Mrs. Hughes, the owner, says you look pale and asks if you’re sick. “Coming down with a cold, plus I’ve got a killer muscle pull in my shoulder, I think.” You’re shrugging her off, trying not to cough, ambling past studio 1 (pink) and studio 2 (lavender) to get to the small studio 3, the tap studio, which has yellow paint, where you cough some more, put on your tap shoes, and wait for the first class to arrive. You flip through a binder of CDs, put something on, and try to get the 5 year olds excited about toe taps and heel drops. You don’t move much. You couldn’t jump if you tried. The sharp pain mostly goes away if you’re standing or sitting on the very edge of the folding metal chair, although you’re still coughing and your shoulder is still sore. Walking is all right, as long as you don’t bounce too much. Actually tap dancing is out of the question. After you wish the adult dancers a Merry Christmas (no secular Happy Holidays here in St. Charles) you pull out your candy-red Nokia cell phone and call home. “Dad,” you say, trying not to cry, “I think when I get home I need you to take me to the hospital.”

You probably don’t remember the drive home from the dance school, but you’ve done it every day for years so why would you? You change into sweats and get into your dad’s nicer, newer Audi. The cushy, leaned-back seats are not good for the lung you don’t yet know has almost completely collapsed. You long for the hospital waiting room, where you can stand or sit forward on a hard chair.

The triage nurse is a kind, fat lady. She puts a plastic clip over your forefinger, and starts a little when she reads whatever the instrument is telling her. “You’re just a little thing but you’re sure not getting much air right now, are you?” They send you over to X-ray, and then you sit with your dad on the little waiting room bed, keeping the curtains open, half hoping to see a major trauma like on ER, which you watch every Thursday after Whose Line Is It Anyway. “It’s probably pneumonia,” you say. “I just hope your lung hasn’t collapsed like mine did,” your dad responds.

The ER doctor comes to the side of your bed, and slaps the x-rays on the light board. “As you can see…” he begins, but you’re already laughing, painfully, uncontrollably. The picture shows, in black and white and grey, one fully inflated lung, and another comically shriveled raisin-sized sac surrounded by air. Your dad is laughing too. The doctor is saying “spontaneous pneumothorax,” and “collapsed lung,” and it just seems so funny, and so obvious. There’s already a nurse sticking you with an IV—she plunges something into you that washes over your whole body, painfully, as though every blood vessel and muscle is tightening and growing warm. “Deladin,” she says, “for pain.” You’re hurting too much to find her explanation ironic. Someone else tells you to count backwards from 10, and you wake up in an ICU bed with a tube in your side and Turner Classic Movies on the TV and your mom in a chair, and that familiar stabbing sensation in your shoulder, which has yet to go away. They’ll leave the chest tube in for a few more days, and then recommend surgery. You don’t want any more Deladin, so you forego intravenous painkillers and live with the stabbing feeling that you’ve already gotten used to.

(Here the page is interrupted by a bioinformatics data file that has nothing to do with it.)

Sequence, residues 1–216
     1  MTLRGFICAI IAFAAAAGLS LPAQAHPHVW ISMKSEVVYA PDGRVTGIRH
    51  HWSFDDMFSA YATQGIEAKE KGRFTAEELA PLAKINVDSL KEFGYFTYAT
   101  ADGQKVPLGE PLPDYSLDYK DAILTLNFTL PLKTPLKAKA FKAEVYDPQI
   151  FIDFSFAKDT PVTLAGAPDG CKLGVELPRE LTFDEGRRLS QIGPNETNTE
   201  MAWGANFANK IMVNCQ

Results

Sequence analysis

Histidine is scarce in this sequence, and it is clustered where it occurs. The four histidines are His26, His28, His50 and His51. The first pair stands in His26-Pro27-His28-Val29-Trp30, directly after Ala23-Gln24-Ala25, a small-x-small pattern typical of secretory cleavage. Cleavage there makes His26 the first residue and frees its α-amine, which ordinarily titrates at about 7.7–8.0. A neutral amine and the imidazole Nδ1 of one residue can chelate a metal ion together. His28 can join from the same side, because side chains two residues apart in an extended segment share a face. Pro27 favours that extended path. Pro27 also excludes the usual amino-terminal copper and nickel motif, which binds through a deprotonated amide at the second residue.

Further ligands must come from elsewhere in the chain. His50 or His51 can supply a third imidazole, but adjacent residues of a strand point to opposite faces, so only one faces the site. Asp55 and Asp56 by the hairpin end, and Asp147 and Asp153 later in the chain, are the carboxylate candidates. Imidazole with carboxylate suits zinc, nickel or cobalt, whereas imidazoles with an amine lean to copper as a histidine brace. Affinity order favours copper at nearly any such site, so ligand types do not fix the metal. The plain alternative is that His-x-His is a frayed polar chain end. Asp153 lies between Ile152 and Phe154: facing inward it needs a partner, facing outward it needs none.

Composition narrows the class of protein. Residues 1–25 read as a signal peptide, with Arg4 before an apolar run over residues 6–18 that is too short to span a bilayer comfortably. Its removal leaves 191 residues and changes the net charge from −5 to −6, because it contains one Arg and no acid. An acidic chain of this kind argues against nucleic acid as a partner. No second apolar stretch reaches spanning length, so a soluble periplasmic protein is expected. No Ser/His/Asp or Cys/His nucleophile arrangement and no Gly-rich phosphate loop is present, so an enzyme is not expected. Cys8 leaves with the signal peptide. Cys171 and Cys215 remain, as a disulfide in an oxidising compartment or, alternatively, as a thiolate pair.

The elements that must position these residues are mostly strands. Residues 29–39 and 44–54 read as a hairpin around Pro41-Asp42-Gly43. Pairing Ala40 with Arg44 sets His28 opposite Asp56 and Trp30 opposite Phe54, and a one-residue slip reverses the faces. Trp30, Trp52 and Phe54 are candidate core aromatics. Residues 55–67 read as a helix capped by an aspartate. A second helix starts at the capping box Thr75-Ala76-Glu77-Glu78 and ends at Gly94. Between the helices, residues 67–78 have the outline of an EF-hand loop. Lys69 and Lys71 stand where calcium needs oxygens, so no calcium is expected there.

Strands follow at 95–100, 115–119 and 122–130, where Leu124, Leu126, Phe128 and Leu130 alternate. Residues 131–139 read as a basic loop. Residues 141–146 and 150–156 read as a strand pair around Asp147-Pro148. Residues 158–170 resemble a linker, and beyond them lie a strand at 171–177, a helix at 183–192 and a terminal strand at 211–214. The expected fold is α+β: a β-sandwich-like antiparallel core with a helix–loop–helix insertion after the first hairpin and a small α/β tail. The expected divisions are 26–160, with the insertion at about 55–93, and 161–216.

That stabbing is what you’re feeling now, looking at the weather report and buying groceries in preparation for the blizzard. You don’t feel the staples before every storm, but you only ever feel them in the days before a serious weather change. Maybe it’s because the weather’s always changing that this happens, since you’re not sure there’s really a physiological correlation between the weather and your lung.

It’s not actually the staples you’re feeling. For the first few years, you thought that’s what it was, and so that’s what’s stuck. What you’re actually feeling is your lung trying to collapse again. Collapsed lungs have the biological equivalent of really high recidivism rates. Once they’ve collapsed, they like to collapse again. The staples prevent the problem that caused the pneumothorax in the first place—little lung blisters that pop and let air from the lung into the vacuum of the chest cavity.  When the surgeon stapled, he also glued. He scored the lung and the top of the chest cavity, so that those elements would stick together more or less permanently. Even though your lung is trying to collapse again, it can’t, because of the staples and the glue.  But even though your lung can’t completely collapse, little pockets of air get in between the lung and the chest cavity, and that’s what you feel when you breathe in too deeply

After you get out of the hospital, on your 17th birthday, after a Christmas Eve surgery and Christmas with a morphine drip, a catheter, and a day-long marathon of Trading Spaces, the pain goes away. After two months, it’s completely gone, although the skin around the surgical incisions on the right side of your ribcage is still numb. After three months, even that is back to normal, although you’ll always have a series of frankly pretty badass scars under your bikini top. You go back to class after Christmas break with everyone else, and only take a week off of your 6-days-a-week, 3-hours-a-day dance schedule.

You tell people that the hospital was boring, and it was. You enjoy making new acquaintances squirm by telling them about the tube the doctors put through your ribs to suck the air out of your chest cavity, the briefcase-sized machine that pumped the air out through the tube, and the time the tube kinked under the skin right after you’d switched from IV to oral pain meds and the doctor yanked it out and replaced it before you were able to tell him that you didn’t have any pain medicine in your system.  Your first kiss is with a boy you met at a party who’d had the same surgery. He was still in the two-month window where the skin on his ribcage was numb, and you flirted by comparing scars. The moral of the story is always that, even though it was the worst pain you’ve ever been in, when it went away, it went away completely. You can’t even call it to mind any more—your brain isn’t powerful enough to make your body feel the things you felt when you went to the hospital.

Except on the days, just before a snowstorm, when you feel the staples.